By His creative and renewing power, the Spirit always sustains the hope of God’s people as we make our pilgrim way through history, and, as the Paraclete, He always supports the witness of Christians. In this moment . . . all of us want to listen to the voice of the Spirit as He speaks to us through the Scriptures we have just heard.
In the first reading, the Lord’s call to His people resounds: “You shall be holy; for I the Lord your God am holy” (Lev 19:2). In the Gospel Jesus echoes this call: “You, therefore, must be perfect, as your heavenly Father is perfect” (Mt 5:48). These words challenge all of us, as the Lord’s disciples. . . . Imitating the holiness and perfection of God might seem an unattainable goal. Yet, the first reading and the Gospel offer us concrete examples which enable God’s way of acting to become the norm for our own. Yet we— all of us—must never forget that without the Holy Spirit our efforts are in vain! Christian holiness is not first and foremost our own work, but the fruit of docility—willed and cultivated—to the Spirit of God thrice holy.
The book of Leviticus says: “You shall not hate your brother in your heart . . . You shall not take vengeance or bear any grudge . . . but you shall love your neighbor as yourself ” (Lev 19:17-18). These attitudes are born of the holiness of God. We, however, tend to be so different, so selfish and proud . . . and yet, God’s goodness and beauty attract us, and the Holy Spirit is able to purify, transform and shape us day by day. To make effort to be converted, to experience a heartfelt conversion: this is something that all of us . . . must do. Conversion!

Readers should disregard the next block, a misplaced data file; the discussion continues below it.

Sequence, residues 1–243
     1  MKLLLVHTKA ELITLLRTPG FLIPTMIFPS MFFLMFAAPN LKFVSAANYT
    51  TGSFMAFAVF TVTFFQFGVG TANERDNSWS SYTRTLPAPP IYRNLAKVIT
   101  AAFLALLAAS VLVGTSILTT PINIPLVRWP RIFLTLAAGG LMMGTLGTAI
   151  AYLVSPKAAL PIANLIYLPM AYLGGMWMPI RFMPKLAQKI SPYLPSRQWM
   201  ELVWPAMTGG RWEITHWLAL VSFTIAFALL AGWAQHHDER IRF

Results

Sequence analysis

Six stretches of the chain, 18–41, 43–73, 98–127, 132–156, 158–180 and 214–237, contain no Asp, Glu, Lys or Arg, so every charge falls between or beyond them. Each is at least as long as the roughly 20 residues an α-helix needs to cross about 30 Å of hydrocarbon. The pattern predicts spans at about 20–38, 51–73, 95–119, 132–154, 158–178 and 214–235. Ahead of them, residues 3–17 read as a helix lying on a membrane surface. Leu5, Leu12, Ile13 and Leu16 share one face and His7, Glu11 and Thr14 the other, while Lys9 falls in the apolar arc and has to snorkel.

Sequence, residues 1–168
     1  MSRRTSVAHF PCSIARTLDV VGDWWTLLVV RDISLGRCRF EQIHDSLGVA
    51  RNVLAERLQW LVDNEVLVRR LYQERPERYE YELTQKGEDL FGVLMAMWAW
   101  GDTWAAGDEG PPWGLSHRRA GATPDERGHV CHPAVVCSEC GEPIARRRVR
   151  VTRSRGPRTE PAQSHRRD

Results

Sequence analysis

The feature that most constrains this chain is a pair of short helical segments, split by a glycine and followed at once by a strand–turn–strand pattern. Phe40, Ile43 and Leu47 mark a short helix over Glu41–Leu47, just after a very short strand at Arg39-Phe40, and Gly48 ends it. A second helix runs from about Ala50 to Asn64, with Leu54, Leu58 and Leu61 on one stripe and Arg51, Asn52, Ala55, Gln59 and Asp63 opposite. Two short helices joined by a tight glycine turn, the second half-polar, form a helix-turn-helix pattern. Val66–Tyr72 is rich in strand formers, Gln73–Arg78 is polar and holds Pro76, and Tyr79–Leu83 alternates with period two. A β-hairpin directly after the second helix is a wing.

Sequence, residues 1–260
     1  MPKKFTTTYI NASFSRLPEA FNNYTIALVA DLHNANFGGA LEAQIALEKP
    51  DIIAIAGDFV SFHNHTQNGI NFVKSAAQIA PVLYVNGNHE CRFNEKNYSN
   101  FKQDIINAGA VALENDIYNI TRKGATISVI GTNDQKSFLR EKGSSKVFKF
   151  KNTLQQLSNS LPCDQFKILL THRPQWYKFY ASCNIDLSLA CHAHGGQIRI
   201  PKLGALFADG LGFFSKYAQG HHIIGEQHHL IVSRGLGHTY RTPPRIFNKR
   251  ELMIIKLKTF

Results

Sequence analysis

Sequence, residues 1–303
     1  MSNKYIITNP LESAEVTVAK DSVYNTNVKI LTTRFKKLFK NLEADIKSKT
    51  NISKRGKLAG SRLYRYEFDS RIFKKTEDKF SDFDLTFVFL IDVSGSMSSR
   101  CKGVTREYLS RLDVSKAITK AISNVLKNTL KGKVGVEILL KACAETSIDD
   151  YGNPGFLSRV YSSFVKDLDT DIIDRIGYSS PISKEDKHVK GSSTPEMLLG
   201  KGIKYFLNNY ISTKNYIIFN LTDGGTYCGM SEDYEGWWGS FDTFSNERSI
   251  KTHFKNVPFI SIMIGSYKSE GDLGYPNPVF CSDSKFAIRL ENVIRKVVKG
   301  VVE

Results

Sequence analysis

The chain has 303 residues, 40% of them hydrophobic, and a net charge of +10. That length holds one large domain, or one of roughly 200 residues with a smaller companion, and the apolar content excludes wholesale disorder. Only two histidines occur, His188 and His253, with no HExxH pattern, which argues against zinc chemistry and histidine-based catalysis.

In the Gospel Jesus also speaks to us of holiness, and explains to us the new law, His law. He does this by contrasting the imperfect justice of the scribes and Pharisees with the higher justice of the Kingdom of God. The first contrast of today’s passage refers to revenge. “You have heard that it was said, ‘An eye for an eye and a tooth for a tooth.’ But I say to you . . . if anyone should strike you on the right cheek, turn to him the other also” (Mt 5:38-39). We are required not only to avoid repaying others the evil they have done to us, but also to seek generously to do good to them.
The second contrast refers to our enemies: “You have heard that it was said, ‘You shall love your neighbor and hate your enemy’. But I say to you, love your enemies and pray for those who persecute you” (Mt 5:43-44). Jesus asks those who would follow Him to love those who do not deserve it, without expecting anything in return, and in this way to fill the emptiness present in human hearts, relationships, families, communities and in the entire world. . . . Jesus did not come to teach us good manners, how to behave well at the table! To do that, He would not have had to come down from heaven and die on the Cross. Christ came to save us, to show us the way, the only way out of the quicksand of sin, and this way of holiness is mercy, that mercy which He has shown, and daily continues to show, to us. To be a saint is not a luxury. It is necessary for the salvation of the world. This is what the Lord is asking of us.
Taken from a homily given by the Holy Father on February 23, 2014.